We are told by the Paris correspondent for the leftist Independent newspaper that the rioters have no sense of political or religious identity and no political demands. I wonder how this correspondent knows so much about rioters’ deep identities. The young Muslim who attacked my wife’s cousin on a Paris bus seemed to have a religious-political identity (or at least an anti-semitic one). The same is true, judging from the reports I receive, of the kids who often attack the children of the same cousin.
That the rioters make no political demands is neither surprising nor reassuring. As I suggested last night, the fact that these people stand outside of normal French politics is part of what’s most frightening. The young rioters, we are assured by those in the know, merely want to protect their turf without being harassed by the police. What this really means is that they want to commit crime and terrorize their neighborhoods without encountering the police. But this essentially secessionist goal is not an apolitical agenda. The desire to create lawless Muslim enclaves within France is precisely what makes these riots less like the riots in this country that occurred along side of the mainstream civil rights struggle, and more like an intifada. Our civil rights movement pushed for, and the riots probably helped bring about, a vastly increased African-American presence in the police forces of our cities. In Paris, by contrast, the issue is the right to be unpoliced.
Moreover, the fact that the rioters themselves are young and arguably apolitical in some sense doesn’t mean that there is no Islamofascist element or content. The foot soldiers in this kinds of insurrections are almost always young and politically unsophisticated. It may still be the case that, behind the young foot soldiers, stand more conventionally political elements with an Islamofascist agenda or bent. What, for example, are we to make of the discovery of a bomb manufacturing facility in Evry, south of Paris?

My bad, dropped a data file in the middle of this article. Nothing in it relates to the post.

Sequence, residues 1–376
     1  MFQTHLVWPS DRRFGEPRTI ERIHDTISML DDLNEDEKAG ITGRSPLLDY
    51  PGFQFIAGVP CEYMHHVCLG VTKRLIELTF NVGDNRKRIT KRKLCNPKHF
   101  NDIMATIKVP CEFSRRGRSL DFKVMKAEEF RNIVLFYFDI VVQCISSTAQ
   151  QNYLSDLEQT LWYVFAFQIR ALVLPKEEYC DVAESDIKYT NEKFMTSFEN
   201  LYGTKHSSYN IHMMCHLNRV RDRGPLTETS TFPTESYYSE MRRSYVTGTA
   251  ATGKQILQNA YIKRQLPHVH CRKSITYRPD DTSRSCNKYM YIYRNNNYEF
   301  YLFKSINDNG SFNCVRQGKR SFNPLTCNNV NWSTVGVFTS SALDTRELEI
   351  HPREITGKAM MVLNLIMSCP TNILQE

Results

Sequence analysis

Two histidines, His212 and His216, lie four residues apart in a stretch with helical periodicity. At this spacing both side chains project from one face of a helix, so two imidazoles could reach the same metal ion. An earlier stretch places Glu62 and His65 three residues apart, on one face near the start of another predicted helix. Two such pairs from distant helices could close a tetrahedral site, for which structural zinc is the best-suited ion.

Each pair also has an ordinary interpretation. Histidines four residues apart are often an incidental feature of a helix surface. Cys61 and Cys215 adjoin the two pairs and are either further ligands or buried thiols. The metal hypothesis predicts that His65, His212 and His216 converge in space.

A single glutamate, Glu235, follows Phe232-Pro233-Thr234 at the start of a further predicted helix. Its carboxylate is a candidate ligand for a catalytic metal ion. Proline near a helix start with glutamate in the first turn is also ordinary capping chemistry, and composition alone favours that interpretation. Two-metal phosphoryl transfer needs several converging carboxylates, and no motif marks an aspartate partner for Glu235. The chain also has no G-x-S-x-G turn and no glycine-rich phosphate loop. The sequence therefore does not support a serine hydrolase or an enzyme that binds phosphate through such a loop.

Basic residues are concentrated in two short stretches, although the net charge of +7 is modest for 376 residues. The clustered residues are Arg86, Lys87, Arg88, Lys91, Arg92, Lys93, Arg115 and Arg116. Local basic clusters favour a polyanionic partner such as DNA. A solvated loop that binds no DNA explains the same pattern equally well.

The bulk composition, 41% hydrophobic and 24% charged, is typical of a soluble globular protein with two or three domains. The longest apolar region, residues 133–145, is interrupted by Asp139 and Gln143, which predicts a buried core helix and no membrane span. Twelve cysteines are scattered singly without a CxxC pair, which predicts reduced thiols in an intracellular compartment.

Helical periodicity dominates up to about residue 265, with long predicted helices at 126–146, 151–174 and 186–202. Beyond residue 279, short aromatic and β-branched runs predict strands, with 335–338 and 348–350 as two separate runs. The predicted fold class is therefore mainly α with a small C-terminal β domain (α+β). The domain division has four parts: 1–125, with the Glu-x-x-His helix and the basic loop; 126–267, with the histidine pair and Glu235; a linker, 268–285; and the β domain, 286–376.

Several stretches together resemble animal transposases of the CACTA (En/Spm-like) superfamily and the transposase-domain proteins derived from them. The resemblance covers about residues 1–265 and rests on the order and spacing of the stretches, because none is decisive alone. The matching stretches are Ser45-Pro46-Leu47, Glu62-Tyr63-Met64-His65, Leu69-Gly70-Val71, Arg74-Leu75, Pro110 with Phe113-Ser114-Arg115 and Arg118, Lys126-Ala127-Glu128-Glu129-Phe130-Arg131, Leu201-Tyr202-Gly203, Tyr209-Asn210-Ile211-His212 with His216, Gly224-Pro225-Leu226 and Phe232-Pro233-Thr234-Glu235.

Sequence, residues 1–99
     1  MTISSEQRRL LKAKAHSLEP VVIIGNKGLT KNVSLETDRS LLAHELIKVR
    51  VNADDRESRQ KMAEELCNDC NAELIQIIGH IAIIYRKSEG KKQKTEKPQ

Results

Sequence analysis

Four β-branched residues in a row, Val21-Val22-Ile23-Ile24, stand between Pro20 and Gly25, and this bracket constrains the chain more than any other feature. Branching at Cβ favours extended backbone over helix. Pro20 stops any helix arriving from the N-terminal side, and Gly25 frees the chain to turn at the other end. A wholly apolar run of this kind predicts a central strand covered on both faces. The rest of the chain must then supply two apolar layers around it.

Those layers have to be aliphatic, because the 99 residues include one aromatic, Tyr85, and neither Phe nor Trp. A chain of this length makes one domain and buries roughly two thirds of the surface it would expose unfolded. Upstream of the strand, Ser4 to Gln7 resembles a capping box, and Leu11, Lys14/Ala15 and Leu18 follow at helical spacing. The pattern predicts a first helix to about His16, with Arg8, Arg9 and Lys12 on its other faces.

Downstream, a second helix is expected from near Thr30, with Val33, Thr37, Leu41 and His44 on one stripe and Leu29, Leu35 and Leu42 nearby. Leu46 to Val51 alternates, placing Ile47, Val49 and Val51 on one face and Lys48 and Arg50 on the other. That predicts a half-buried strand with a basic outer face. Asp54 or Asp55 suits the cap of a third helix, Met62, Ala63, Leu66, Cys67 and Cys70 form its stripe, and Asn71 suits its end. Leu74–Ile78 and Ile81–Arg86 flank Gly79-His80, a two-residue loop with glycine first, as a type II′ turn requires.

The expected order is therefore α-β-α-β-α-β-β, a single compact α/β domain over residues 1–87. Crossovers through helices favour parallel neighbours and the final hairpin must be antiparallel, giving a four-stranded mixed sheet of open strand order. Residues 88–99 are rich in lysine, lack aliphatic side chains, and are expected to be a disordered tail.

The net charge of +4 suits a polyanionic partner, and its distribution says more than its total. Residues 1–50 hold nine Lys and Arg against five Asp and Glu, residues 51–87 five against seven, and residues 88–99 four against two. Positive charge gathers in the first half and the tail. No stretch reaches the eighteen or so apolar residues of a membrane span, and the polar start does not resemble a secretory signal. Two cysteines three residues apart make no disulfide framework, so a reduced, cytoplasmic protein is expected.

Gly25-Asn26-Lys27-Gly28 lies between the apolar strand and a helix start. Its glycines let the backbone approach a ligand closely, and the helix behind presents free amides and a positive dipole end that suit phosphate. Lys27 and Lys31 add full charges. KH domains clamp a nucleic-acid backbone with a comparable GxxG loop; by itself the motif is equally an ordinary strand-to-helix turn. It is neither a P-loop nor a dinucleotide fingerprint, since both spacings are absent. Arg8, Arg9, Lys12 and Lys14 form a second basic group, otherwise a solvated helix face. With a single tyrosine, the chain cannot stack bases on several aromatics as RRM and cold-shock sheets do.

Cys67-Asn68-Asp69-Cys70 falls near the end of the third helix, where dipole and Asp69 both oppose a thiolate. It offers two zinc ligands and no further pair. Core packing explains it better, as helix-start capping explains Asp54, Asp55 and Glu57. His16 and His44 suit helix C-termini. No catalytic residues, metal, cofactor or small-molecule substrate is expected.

Meanwhile, Ed Morrissey notes that the French riots have come after multiple warnings of Islamist attacks, and looks at would could have been a key warning in late September.
And over at Tech Central Station, Stephen Schwartz looks at what he calls “‘Red Belt’ Riots”:
Even 26 years ago, it was obvious that France and its North African communities were dangerously polarized. The outcome of that contradiction is now visible in the rioting that has convulsed the Parisian region, and over the past weekend Aubervilliers appeared as a tragic dateline in global media. The suburb is an historical part of what was once known as the “red belt,” centered in the region of Seine-Saint-Denis, along with other riot-riven places, such as Clichy-sous-Bois and Vitry-sur-Seine. They took their nickname from their long municipal rule by the hard Stalinists of the French Communist Party. They were centers of light industry, and early in the mornings I would leave the apartment and go to a small, shabby bistro where native French factory workers downed their first alcohol of the day, and their cups of strong coffee, smoking Gauloises and Gitanes while waiting for their shifts to start. Arabs did not frequent such caf